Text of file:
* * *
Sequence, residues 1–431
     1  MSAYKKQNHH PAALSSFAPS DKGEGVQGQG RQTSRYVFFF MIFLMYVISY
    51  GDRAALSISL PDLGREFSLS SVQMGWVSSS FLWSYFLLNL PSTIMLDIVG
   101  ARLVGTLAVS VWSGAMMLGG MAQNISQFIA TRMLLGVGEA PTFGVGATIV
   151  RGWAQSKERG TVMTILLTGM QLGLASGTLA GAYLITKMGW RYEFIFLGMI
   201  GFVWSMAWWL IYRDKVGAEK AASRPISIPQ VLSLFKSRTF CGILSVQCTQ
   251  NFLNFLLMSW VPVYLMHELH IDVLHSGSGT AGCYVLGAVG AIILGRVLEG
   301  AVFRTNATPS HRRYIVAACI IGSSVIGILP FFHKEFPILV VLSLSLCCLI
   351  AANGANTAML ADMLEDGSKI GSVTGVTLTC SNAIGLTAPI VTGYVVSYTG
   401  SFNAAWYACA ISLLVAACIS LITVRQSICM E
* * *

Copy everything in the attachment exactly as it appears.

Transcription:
Sequence, residues 1–431
     1  MSAYKKQNHH PAALSSFAPS DKGEGVQGQG RQTSRYVFFF MIFLMYVISY
    51  GDRAALSISL PDLGREFSLS SVQMGWVSSS FLWSYFLLNL PSTIMLDIVG
   101  ARLVGTLAVS VWSGAMMLGG MAQNISQFIA TRMLLGVGEA PTFGVGATIV
   151  RGWAQSKERG TVMTILLTGM QLGLASGTLA GAYLITKMGW RYEFIFLGMI
   201  GFVWSMAWWL IYRDKVGAEK AASRPISIPQ VLSLFKSRTF CGILSVQCTQ
   251  NFLNFLLMSW VPVYLMHELH IDVLHSGSGT AGCYVLGAVG AIILGRVLEG
   301  AVFRTNATPS HRRYIVAACI IGSSVIGILP FFHKEFPILV VLSLSLCCLI
   351  AANGANTAML ADMLEDGSKI GSVTGVTLTC SNAIGLTAPI VTGYVVSYTG
   401  SFNAAWYACA ISLLVAACIS LITVRQSICM E